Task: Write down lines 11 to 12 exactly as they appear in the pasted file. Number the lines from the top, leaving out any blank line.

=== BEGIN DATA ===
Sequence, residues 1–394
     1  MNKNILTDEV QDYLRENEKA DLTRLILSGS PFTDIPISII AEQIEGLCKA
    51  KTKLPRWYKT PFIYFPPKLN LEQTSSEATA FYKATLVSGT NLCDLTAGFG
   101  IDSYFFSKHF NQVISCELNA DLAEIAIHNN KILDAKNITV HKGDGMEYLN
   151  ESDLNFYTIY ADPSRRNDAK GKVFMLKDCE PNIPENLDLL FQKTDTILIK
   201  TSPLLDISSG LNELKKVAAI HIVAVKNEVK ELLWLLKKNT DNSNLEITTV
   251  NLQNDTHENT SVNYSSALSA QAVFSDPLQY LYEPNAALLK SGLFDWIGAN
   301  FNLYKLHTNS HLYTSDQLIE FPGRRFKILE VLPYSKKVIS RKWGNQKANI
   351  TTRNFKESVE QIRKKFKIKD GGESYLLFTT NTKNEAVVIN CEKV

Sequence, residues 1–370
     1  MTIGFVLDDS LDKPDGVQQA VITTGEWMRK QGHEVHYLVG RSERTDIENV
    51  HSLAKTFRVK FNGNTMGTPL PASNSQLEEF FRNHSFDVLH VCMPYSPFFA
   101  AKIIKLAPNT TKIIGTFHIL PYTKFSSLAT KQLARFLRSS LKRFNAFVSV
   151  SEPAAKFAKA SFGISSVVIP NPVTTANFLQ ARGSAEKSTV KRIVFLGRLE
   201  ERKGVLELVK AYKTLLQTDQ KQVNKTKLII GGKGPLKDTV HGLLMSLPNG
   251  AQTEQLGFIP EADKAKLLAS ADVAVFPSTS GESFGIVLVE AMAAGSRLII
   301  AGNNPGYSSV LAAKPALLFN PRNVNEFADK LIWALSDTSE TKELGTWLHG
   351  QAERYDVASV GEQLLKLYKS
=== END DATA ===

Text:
     1  MTIGFVLDDS LDKPDGVQQA VITTGEWMRK QGHEVHYLVG RSERTDIENV
    51  HSLAKTFRVK FNGNTMGTPL PASNSQLEEF FRNHSFDVLH VCMPYSPFFA